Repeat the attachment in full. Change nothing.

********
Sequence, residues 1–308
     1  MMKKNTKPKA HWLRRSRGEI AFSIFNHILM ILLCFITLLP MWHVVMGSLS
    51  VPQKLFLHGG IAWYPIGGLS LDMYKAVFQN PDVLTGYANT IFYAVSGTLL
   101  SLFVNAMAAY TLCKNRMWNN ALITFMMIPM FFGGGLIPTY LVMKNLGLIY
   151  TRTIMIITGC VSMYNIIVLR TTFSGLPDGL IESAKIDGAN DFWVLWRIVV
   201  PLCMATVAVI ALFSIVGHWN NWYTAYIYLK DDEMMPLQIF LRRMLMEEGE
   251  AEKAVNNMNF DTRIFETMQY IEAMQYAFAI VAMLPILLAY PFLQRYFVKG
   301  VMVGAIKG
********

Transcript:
Sequence, residues 1–308
     1  MMKKNTKPKA HWLRRSRGEI AFSIFNHILM ILLCFITLLP MWHVVMGSLS
    51  VPQKLFLHGG IAWYPIGGLS LDMYKAVFQN PDVLTGYANT IFYAVSGTLL
   101  SLFVNAMAAY TLCKNRMWNN ALITFMMIPM FFGGGLIPTY LVMKNLGLIY
   151  TRTIMIITGC VSMYNIIVLR TTFSGLPDGL IESAKIDGAN DFWVLWRIVV
   201  PLCMATVAVI ALFSIVGHWN NWYTAYIYLK DDEMMPLQIF LRRMLMEEGE
   251  AEKAVNNMNF DTRIFETMQY IEAMQYAFAI VAMLPILLAY PFLQRYFVKG
   301  VMVGAIKG